Monthly Archives: August 2016

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Good Primary Elections for Latinos

Soto and Cortes
It was a good primary election for John Cortés (l) and Darren Soto, shown campaigning together in Kissimmee before the election. / Soto-Facebook

It was a good primary elections for many Hispanic candidates in Central Florida. From Osceola to Seminole counties,  Hispanic candidates established “firsts” for the Latino community in a sign that the Florida Supreme Court-imposed congressional redistricting evened the political playing field.

Florida voter turnout of nearly 24 percent also was good, higher than the 21 percent recorded in 2012, also a presidential election year. However, Central Florida  turnout was lower than the state average. Seminole came closest with a 22.6 percent primary turnout, followed by Osceola (20.8 percent). In an unusual move, Orange County trailed both with an 18 percent turnout.

No details yet on the Hispanic voter turnout, which often is low for primary and mid-term elections.

Here’s an analysis of how Hispanic candidates fared.

U.S. Senate

Republican incumbent Marco Rubio won handily against millionaire Carlos Beruff, a Donald Trump acolyte, proving that there is only one Donald Trump and imitators need not apply.  Rubio deserves mention as well because he is seriously courting Central Florida Latinos – he celebrated his win in Puerto Rican-heavy Osceola. Many  Puerto Ricans are turned off by Rubio’s vote against Supreme Court Justice Sonia Sotomayor, his on-again, off-again immigration reform and flip flopping on Puerto Rico’s fiscal crisis. But Rubio needs to win the I-4 corridor in November.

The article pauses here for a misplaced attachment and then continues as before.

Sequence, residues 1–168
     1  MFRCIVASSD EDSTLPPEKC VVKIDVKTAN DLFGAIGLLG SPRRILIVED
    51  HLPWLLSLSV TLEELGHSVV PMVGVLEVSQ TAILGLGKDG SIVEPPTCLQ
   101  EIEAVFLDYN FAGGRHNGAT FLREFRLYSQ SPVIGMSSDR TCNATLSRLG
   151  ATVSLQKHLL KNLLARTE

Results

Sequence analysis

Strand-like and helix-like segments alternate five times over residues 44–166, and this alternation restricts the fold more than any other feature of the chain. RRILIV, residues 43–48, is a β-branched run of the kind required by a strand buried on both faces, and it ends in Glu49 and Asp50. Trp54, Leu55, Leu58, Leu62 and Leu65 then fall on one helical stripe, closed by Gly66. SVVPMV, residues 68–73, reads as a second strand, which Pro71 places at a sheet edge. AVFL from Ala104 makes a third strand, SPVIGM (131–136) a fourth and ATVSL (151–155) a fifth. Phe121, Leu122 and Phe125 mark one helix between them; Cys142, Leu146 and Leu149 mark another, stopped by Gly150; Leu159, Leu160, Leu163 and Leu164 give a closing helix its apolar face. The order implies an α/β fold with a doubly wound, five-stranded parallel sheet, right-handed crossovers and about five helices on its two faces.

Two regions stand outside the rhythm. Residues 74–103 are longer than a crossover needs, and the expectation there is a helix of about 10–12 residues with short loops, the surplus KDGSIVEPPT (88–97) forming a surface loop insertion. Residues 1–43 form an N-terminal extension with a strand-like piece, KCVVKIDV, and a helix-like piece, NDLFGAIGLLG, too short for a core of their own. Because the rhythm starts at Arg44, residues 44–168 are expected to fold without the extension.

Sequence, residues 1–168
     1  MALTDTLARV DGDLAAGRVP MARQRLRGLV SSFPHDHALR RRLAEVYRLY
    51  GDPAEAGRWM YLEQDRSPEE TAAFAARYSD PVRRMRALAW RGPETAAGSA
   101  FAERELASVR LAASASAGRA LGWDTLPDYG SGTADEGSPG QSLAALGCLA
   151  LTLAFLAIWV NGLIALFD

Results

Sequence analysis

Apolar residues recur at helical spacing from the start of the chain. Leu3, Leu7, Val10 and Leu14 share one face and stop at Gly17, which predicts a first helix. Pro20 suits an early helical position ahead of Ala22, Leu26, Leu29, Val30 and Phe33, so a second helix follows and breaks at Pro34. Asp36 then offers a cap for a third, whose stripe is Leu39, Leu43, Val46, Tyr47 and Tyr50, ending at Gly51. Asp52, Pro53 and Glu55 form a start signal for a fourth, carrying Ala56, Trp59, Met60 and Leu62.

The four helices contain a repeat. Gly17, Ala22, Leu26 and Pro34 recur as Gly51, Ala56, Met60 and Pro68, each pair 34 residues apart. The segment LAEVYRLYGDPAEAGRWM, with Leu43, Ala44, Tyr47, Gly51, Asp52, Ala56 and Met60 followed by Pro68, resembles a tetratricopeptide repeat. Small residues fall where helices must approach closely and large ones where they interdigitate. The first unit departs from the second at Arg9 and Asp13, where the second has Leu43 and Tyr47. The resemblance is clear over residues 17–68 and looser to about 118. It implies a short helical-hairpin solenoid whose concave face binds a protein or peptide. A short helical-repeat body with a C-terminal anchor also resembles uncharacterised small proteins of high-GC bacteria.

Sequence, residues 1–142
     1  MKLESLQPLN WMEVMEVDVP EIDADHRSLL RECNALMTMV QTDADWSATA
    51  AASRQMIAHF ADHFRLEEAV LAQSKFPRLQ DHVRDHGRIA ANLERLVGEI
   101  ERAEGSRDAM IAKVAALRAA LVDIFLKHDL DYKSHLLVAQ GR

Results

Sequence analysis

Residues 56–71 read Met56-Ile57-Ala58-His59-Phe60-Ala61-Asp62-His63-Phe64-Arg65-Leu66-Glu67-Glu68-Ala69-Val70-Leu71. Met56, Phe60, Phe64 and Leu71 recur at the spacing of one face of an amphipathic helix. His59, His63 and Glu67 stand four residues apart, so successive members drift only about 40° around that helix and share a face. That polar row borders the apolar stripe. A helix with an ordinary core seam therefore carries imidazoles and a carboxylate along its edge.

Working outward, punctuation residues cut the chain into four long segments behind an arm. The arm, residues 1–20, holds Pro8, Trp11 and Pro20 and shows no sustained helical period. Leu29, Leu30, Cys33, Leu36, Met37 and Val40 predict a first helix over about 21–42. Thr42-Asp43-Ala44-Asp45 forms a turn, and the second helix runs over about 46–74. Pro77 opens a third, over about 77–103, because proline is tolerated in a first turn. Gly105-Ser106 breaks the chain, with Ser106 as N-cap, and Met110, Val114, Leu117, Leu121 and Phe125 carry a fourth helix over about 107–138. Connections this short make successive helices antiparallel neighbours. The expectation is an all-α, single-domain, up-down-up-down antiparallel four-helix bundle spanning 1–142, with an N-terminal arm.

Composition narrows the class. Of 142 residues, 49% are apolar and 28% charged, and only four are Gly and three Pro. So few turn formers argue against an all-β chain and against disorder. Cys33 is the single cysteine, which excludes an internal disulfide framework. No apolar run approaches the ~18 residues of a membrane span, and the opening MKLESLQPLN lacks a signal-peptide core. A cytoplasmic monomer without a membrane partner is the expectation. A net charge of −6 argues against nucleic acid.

Finally tally: Rubio won by 74 percent in Orange and 71 percent in Osceola, two Democratic counties – well ahead of Beruff as well as the man who would be his Democratic rival Cong. Alan Grayson, who in turn lost the primary to Patrick Murphy.  Grayson proved unpopular even on his home turf.

Congressional District 9

State Sen. Darren Soto was the big winner in a crowded Democratic field that included Dena Minning Grayson, wife of current Cong. Grayson; as well as Grayson’s former district director Susannah Randolph. However, Dena Grayson and Randolph appeared to cancel each other out, opening the way for Soto, who was financially competitive and campaigned hard among Latinos.

Interesting aside, a big loser is Osceola County Commissioner Viviana Janer, the first Latina and Puerto Rican on the County Commission who endorsed Randolph over Soto. Janer didn’t prove to have any coattails for Randolph to ride.

Soto is nearly assured a win in November against Republican Wayne Liebnitzky in a district drawn to favor Democrats, potentially becoming the first Puerto Rican from Florida to go to Congress.

Final tally: Soto won 44 percent of the vote in Osceola – about double that of Grayson and Randolph – and 38 percent in Orange, or five points ahead of Randolph and 15 points ahead of Grayson.

A note about Val Demings, the resounding winner (57 percent) of the Democratic primary in Congressional District 10. This redrawn district contains about an equal ratio of black (25 percent) and Hispanics ( 21 percent). It bears watching for Latinos as well.


State Senate District 15-State House District 48